The third annual Leading for Impact, Women in Leadership Conference celebrated the accomplishments of women in Government and industry. Three fireside chat panels featured women executives from various Government agencies speaking to the event’s theme, Building Resiliency to Drive Transformation, Modernization and Success in 2021. Additionally, a Lifetime Achievement Award was accepted by Senator Elizabeth Dole, Chair of the Board, Elizabeth Dole Foundation.
Three Moments of Impact were shared throughout the program. These reflections of a defining event that played a significant role in the individual’s path to becoming the leader she is today were meant to inspire others. Additional Moments of Impact will be featured in the weeks and months ahead.
Pamela J. Powers, Acting Deputy Secretary, Department of Veterans Affairs, opened the event, centering her remarks around the Agency’s mission and resiliency. She talked about teamwork being critical and the ability to be adaptable to and anticipating resistance as key components in the Department’s success in recent years. She also mentioned listening to leadership while empowering and challenging decision makers invested in the mission as drivers of positive change.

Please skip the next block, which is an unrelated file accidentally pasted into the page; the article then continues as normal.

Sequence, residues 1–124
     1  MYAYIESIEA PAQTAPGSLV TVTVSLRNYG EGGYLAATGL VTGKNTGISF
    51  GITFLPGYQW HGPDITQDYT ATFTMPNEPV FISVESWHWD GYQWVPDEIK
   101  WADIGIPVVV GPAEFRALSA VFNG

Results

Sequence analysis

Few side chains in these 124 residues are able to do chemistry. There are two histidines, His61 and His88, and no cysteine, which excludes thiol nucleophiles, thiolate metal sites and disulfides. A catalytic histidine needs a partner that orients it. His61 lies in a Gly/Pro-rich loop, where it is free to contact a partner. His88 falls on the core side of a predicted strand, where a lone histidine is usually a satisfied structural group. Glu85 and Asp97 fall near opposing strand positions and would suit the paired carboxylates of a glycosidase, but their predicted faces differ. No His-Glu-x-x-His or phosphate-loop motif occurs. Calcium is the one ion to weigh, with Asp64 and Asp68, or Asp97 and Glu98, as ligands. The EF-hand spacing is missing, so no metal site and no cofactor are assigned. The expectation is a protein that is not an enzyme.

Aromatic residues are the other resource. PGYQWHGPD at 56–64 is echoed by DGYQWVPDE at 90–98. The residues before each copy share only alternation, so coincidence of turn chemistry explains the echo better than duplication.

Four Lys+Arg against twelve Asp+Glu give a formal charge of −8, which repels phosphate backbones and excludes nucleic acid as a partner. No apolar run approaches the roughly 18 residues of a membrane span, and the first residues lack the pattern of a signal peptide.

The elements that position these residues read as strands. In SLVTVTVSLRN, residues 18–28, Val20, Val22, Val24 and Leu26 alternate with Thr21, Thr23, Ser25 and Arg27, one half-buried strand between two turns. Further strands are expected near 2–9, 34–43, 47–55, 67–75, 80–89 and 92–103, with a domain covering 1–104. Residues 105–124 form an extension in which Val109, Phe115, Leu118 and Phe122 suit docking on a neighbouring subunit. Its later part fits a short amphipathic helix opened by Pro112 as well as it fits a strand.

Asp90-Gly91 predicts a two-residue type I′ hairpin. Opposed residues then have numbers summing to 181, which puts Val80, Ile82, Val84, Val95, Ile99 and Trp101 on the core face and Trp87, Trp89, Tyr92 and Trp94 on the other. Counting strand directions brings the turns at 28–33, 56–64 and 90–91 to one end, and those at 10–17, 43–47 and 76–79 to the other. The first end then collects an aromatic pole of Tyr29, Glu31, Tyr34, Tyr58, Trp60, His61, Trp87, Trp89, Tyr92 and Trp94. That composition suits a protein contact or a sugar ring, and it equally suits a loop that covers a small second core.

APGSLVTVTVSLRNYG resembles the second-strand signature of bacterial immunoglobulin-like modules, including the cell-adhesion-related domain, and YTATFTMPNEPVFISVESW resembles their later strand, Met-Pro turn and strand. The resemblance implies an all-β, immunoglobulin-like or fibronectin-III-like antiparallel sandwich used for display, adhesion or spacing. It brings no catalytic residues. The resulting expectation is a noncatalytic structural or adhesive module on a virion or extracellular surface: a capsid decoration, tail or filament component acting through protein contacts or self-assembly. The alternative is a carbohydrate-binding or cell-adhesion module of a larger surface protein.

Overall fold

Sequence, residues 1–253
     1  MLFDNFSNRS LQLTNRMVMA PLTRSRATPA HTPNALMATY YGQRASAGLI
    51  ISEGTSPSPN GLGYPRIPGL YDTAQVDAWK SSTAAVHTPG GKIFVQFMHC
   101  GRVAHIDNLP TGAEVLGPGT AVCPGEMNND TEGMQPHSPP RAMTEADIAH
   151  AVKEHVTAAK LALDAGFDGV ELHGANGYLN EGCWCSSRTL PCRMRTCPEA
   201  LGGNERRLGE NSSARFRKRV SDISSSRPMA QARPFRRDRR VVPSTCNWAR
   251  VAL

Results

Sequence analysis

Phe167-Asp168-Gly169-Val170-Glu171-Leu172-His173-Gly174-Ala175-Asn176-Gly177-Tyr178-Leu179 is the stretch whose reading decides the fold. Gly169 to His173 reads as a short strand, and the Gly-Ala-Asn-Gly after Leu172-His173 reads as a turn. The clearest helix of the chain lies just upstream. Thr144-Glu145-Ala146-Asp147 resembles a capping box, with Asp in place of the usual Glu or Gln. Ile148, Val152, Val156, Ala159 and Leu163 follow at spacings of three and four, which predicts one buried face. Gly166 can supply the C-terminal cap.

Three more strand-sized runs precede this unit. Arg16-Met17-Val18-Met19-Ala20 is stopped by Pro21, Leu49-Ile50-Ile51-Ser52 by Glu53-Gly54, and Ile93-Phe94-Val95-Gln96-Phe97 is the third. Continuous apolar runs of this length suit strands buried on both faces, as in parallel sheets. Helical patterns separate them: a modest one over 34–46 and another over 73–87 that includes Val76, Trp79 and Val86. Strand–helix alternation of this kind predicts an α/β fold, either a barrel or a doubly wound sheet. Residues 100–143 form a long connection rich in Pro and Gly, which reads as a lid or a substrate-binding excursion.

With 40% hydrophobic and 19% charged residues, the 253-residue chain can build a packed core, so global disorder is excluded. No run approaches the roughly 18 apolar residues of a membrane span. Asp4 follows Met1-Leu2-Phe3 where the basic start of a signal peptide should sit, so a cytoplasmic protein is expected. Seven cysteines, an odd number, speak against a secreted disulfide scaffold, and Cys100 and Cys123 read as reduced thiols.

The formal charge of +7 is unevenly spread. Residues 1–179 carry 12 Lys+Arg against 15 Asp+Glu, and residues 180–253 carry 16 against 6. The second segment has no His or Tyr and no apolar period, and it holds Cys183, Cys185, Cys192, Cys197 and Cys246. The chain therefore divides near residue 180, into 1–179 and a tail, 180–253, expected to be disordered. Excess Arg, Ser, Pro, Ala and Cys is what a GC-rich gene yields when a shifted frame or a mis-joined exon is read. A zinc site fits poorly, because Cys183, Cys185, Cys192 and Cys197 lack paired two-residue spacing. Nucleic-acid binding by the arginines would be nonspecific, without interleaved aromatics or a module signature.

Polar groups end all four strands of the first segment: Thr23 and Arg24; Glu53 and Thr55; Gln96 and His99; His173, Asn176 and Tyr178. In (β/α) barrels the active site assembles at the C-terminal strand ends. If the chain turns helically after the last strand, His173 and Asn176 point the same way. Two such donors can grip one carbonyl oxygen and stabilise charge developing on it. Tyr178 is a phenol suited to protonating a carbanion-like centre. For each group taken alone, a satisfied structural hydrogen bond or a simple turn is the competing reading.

Driving IT Modernization and Digital Transformation
The first panel was led by Amy Haseltine, Director, GSA QSMO for Civilian HR Transaction Services & NewPay PMO, who guided conversations with Luwanda Jones, Deputy Chief Information Officer, Office of Strategic Sourcing, U.S. Department of Veterans Affairs; Clare Martorana, Chief Information Officer, U.S. Office of Personnel Management; and Colonel Jenifer Meno, Deputy Assistant Director for Strategy, Plans and Functional Integration (J-5), Defense Health Agency in a conversation around driving IT Modernization and Digital Transformation.
The women each talked about when they’ve had to pivot unexpectedly and strategies used to be successful during the process. Meno mentioned a career change moving from a field unit to a systems change environment, requiring her to figure out new priorities and tools to communicate. Martorana mentioned the need to pivot designing systems with the user in mind. She spoke of putting patients and users of a process at the beginning, rather than the end.
Looking toward 2021, the panel was asked what would drive IT modernization and digital transformation in mission goals. Jones said that facing and embracing change would be a theme for her in the new year. Meno added that looking at the art of possible, to think outside the box, is where she will focus.
Supporting the Workforce of Today, Leading the Workforce of Tomorrow
Jenni Main, Chief Operating Officer, Centers for Medicare and Medicaid Services, served as the moderator for the second panel asking questions of Jeneen Iwugo, Deputy Director, Center for Clinical Standards and Quality, Centers for Medicare and Medicaid Services; Nina Ferraro, Senior Advisor to the Chief Procurement Officer, U.S. Department of Homeland Security; and Katharine Murray, EHR Modernization Brach Deputy Chief, Defense Health Agency.